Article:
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Mindful Approach To Kids Using Knives

According to knives.com, the cutting-edge parenting resource, the recommended age in years when children can be introduced to knives, while supervised,  is two to three.  And, although it feels obvious that their research might be strongly influenced, it’s just as difficult to find an opinion that isn’t. I know, because after feeling many times like I was flailing when my children ran for the cutlery, I directed my focus away, and onto the computer.  This online quest for knife-safety-tips quickly resembled my fruitless (ha ha, good one again!) search for guidelines for offering dessert to my children, and reminded me that the answer lies not in an external value set, but within.

My concern for my children using sharp objects arises frequently, and I will often push my fear away by intervening and taking away the knife.   Instinctively, I know this approach isn’t helping any of us.  Though I still have tremendous difficulty when I’m in the moment, opening and allowing my children to work with the knife.

 

 

 

 

 

 

My fear arose again this past weekend when my children carved pumpkins with my husband.  My daughter picked up the sharper, serrated knife he was using and pointed it towards her pumpkin.  For a brief moment, I was able to see that she was using the knife safely.  But I wasn’t able to stop myself from quickly moving towards her, standing behind her/helicoptering over her, and suggesting she put it down.  And by suggesting, I mean, placing my hand on top of hers and guiding it and the knife towards a surface.  I hated myself for stopping her, and judged myself for emotionally sending her the message that she was inadequate.  How is she going to learn if you don’t let her?  I thought.  How would you feel if you tried something new and someone constantly overrode you? I doubted.  If I always make the knives scary, she’s going to always be scared.  As my thoughts spiraled, proving to me that I had handled the situation incorrectly, I tried to stop the swirl and come back to what we were doing.  I wasn’t able to take back my hijacking of the knife, but I was able to stop thinking about the past, to be with her, and to apologize for taking something away from her.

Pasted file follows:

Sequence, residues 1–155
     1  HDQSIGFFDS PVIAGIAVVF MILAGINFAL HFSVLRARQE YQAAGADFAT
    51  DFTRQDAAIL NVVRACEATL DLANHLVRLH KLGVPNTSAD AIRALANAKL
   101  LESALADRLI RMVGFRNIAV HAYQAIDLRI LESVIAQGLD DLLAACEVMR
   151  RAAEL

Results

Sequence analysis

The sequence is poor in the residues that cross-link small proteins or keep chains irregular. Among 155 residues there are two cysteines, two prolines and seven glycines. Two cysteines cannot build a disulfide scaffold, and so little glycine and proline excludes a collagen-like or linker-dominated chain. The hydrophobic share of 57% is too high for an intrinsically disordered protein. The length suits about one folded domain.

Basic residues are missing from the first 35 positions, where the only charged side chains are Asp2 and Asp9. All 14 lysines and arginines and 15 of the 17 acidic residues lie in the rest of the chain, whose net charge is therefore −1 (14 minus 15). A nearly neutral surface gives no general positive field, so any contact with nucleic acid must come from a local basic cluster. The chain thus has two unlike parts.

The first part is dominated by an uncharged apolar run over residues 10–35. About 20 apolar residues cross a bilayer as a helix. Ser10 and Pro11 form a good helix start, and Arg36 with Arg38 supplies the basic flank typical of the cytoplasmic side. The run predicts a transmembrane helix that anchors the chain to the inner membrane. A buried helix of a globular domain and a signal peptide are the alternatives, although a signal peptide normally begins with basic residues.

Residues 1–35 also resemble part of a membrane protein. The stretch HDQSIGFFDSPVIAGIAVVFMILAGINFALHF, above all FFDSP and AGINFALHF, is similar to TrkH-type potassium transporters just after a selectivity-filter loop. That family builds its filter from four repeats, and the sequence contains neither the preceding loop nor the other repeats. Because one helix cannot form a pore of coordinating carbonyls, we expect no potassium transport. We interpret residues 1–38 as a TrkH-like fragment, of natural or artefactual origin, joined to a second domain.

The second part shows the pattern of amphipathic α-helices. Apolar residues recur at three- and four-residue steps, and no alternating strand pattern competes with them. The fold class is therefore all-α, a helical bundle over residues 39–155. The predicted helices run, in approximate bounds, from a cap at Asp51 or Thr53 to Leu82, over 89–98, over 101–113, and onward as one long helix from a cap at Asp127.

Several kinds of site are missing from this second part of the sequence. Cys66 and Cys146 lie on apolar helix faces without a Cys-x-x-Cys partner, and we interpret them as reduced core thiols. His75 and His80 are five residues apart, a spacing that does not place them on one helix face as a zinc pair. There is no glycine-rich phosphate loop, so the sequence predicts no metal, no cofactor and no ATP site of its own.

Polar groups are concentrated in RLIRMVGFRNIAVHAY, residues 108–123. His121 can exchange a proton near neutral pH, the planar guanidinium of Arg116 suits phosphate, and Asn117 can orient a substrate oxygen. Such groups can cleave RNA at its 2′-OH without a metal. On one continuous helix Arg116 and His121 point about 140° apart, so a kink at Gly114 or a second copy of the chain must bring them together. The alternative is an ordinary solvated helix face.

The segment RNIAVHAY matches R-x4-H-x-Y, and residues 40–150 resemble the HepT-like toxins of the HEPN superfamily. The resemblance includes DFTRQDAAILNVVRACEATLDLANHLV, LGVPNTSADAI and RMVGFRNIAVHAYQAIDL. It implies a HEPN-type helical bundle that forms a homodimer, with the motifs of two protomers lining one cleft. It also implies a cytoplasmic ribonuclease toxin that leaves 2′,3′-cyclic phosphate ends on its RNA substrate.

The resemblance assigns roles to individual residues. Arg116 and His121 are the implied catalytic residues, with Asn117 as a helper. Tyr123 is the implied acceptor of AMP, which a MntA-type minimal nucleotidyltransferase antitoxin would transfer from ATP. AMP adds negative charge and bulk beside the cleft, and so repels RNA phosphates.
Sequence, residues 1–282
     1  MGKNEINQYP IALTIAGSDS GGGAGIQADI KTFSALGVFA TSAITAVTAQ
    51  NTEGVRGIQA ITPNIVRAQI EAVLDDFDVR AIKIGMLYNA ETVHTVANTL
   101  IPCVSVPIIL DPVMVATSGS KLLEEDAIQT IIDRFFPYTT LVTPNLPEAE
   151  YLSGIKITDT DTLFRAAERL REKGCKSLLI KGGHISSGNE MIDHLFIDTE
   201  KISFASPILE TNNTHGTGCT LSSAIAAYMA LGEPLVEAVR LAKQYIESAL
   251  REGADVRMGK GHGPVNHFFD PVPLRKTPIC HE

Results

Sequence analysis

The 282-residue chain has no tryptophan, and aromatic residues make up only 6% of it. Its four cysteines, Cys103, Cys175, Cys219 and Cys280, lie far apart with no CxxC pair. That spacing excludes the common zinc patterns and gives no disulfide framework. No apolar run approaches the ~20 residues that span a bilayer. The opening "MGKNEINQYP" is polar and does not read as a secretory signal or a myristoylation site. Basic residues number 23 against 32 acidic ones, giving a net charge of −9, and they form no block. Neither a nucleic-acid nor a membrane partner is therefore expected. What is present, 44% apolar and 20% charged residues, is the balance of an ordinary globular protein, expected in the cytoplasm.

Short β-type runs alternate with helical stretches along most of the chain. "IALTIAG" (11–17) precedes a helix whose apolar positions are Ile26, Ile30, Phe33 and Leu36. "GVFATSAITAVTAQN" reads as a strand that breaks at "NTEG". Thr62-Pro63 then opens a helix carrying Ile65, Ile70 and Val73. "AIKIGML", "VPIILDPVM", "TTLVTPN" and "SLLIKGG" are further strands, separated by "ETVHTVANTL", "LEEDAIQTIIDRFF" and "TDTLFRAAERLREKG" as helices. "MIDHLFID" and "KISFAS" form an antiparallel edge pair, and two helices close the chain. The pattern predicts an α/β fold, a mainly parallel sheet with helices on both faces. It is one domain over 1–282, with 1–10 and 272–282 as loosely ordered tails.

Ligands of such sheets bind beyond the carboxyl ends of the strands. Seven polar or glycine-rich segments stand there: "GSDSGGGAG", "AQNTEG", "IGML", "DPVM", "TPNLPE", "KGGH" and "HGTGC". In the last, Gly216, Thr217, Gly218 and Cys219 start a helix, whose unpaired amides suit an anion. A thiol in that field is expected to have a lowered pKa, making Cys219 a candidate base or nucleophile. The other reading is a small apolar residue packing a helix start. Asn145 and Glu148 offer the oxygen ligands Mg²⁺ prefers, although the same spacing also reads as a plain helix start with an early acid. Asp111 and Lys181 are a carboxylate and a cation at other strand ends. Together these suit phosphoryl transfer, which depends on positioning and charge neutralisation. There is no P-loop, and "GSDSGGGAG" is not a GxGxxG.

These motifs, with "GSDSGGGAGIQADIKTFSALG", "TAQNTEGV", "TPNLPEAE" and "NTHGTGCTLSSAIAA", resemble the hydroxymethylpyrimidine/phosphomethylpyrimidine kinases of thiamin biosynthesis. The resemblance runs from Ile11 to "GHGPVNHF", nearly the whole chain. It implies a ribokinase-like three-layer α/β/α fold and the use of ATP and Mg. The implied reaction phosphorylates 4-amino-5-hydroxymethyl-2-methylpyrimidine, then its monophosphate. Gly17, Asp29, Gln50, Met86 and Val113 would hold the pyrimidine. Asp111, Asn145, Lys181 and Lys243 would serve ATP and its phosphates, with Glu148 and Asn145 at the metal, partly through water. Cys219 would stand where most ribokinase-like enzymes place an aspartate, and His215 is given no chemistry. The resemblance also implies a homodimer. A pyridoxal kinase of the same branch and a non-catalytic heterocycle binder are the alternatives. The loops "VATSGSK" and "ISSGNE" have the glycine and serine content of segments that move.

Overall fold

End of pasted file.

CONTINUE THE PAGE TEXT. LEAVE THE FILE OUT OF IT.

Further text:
Often, when I am not sure of a parenting approach, which is really often, I will solicit my children’s opinion.  In the accompanying video, I set out to interview my son about best practices for knife use. Upon sitting down to talk to my son, my smaller dog, Margaux, attempts to plunge her snake-like tongue into the depths of my throat.  After succumbing three times to her amorous ways, and completely losing my focus as a result, I called it quits.  You can view my son’s and my attempts at conversation, and Margaux’s skills, in our video above.  And happy haunting! ~Karma Mamma

 

 

   

 

This is an accompaniment to a video on my blog. You can view it here.

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